Most Americans are uncomfortable with the idea of teachers talking about their personal religious beliefs in class. This is true regardless of whether the teacher in question is an evangelical Christian or an atheist. A majority (59 percent) of Americans say they would be uncomfortable with an evangelical Christian sharing their personal religious beliefs with their students, while about four in 10 (41 percent) say they would be comfortable with this. Americans are somewhat more uncomfortable with an atheist teacher talking about their personal religious beliefs: 65 percent say this would make them uncomfortable. Only a third (33 percent) of Americans say they would feel comfortable with an atheist teacher talking with their students about their religious beliefs.
Most religious groups express some amount of discomfort with the idea of a teacher sharing their personal religious beliefs. However, a majority (71 percent) of White evangelical Protestants report that they would feel comfortable with an evangelical Christian teacher sharing their religious beliefs in class. Considerably fewer White Catholics (39 percent), White mainline Protestants (33 percent), and religiously unaffiliated Americans (27 percent) say this would not bother them.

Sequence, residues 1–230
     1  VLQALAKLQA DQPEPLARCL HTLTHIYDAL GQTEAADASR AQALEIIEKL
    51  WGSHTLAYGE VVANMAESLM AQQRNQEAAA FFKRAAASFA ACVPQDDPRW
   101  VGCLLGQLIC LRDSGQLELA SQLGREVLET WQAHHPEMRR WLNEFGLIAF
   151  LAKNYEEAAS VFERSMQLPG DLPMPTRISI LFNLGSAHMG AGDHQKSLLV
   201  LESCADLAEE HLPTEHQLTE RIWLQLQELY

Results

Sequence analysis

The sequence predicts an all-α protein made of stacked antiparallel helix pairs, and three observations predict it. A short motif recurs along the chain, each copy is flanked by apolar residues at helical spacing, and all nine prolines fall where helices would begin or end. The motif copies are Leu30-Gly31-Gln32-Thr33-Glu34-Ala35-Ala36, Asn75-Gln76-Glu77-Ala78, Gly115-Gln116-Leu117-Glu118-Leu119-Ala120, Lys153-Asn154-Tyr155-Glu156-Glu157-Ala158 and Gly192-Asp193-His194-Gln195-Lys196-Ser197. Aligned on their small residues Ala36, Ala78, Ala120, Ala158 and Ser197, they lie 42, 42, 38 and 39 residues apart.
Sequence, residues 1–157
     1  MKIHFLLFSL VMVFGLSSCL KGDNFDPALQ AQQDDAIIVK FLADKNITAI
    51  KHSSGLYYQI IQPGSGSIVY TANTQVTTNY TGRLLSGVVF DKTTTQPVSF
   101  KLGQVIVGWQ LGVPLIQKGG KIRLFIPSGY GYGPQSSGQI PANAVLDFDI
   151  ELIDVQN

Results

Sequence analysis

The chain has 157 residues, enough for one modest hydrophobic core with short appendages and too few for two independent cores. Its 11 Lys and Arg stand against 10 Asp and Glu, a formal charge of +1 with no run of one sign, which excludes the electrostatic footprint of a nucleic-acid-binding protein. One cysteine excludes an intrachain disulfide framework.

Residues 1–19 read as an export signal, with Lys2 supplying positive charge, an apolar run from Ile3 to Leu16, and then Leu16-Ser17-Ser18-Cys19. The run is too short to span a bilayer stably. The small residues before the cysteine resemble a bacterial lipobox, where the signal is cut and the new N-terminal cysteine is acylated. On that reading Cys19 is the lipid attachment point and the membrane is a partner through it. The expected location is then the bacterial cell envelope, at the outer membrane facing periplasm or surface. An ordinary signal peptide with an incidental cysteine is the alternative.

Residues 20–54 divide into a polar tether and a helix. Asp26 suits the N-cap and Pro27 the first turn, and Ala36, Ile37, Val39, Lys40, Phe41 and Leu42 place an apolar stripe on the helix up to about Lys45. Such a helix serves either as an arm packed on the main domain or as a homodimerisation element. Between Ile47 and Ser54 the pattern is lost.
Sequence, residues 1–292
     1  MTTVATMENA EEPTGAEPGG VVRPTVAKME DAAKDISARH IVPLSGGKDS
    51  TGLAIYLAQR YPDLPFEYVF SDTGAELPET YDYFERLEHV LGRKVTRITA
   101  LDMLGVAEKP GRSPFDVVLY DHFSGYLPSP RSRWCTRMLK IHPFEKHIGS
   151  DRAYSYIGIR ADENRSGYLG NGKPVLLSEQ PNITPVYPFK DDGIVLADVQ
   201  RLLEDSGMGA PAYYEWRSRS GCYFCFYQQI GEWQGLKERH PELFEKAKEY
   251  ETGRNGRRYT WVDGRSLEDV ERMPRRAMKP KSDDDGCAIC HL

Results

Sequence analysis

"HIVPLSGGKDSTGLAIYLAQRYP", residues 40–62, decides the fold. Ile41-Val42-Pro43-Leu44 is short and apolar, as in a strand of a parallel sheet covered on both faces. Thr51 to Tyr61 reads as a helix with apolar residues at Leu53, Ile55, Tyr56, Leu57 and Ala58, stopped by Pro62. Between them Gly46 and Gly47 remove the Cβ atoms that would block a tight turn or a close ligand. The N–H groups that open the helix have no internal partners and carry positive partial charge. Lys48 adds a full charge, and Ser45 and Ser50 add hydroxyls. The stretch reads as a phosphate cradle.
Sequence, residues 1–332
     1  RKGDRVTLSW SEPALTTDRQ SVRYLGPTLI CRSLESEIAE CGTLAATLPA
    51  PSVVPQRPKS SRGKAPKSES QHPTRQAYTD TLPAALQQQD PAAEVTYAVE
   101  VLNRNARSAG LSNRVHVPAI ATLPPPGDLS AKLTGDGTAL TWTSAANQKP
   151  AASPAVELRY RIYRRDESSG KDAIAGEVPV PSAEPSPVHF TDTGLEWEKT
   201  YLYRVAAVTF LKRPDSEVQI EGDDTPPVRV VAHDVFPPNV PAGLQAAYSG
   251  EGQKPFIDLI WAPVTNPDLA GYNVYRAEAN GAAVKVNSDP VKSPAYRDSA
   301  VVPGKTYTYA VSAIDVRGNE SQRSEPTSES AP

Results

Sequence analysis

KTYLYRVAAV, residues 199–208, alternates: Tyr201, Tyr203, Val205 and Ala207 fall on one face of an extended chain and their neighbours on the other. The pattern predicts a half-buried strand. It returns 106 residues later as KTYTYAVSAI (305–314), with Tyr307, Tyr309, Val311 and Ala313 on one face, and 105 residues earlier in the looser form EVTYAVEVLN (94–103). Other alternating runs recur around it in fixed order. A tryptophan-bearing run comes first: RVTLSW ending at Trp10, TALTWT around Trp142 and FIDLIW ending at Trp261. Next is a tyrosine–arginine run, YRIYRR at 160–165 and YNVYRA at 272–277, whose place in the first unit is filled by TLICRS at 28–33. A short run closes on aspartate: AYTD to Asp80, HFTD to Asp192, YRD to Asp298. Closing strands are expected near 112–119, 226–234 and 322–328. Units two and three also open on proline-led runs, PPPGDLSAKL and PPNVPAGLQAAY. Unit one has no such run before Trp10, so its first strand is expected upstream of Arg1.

A majority of every religious group say they would be uncomfortable with an atheist teacher sharing their views about religion. This is true even among the religiously unaffiliated. Fifty-six percent of religiously unaffiliated Americans say they would not feel comfortable with an atheist teacher discussing their religious beliefs in class.
Despite the substantial reservations expressed by most Americans about teachers sharing their religious beliefs in class, most Americans support allowing a group of atheist students to organize an after-school club at the local public high school. More than six in 10 (63 percent) Americans say they would be in favor of allowing students to form an atheist club that would meet after normal school hours.